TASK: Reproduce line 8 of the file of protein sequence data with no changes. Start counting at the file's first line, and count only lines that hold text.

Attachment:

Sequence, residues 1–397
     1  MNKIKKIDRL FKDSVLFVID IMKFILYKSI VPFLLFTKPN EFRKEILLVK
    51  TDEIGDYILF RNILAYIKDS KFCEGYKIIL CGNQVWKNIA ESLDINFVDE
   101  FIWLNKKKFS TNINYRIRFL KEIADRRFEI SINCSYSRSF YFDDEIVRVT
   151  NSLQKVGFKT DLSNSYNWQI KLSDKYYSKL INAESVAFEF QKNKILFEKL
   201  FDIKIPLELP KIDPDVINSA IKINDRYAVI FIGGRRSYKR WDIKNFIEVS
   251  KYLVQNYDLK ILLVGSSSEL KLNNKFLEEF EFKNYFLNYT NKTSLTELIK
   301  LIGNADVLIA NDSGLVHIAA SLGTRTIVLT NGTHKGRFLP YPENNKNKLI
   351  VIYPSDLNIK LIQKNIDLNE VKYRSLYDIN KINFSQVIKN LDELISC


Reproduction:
   301  LIGNADVLIA NDSGLVHIAA SLGTRTIVLT NGTHKGRFLP YPENNKNKLI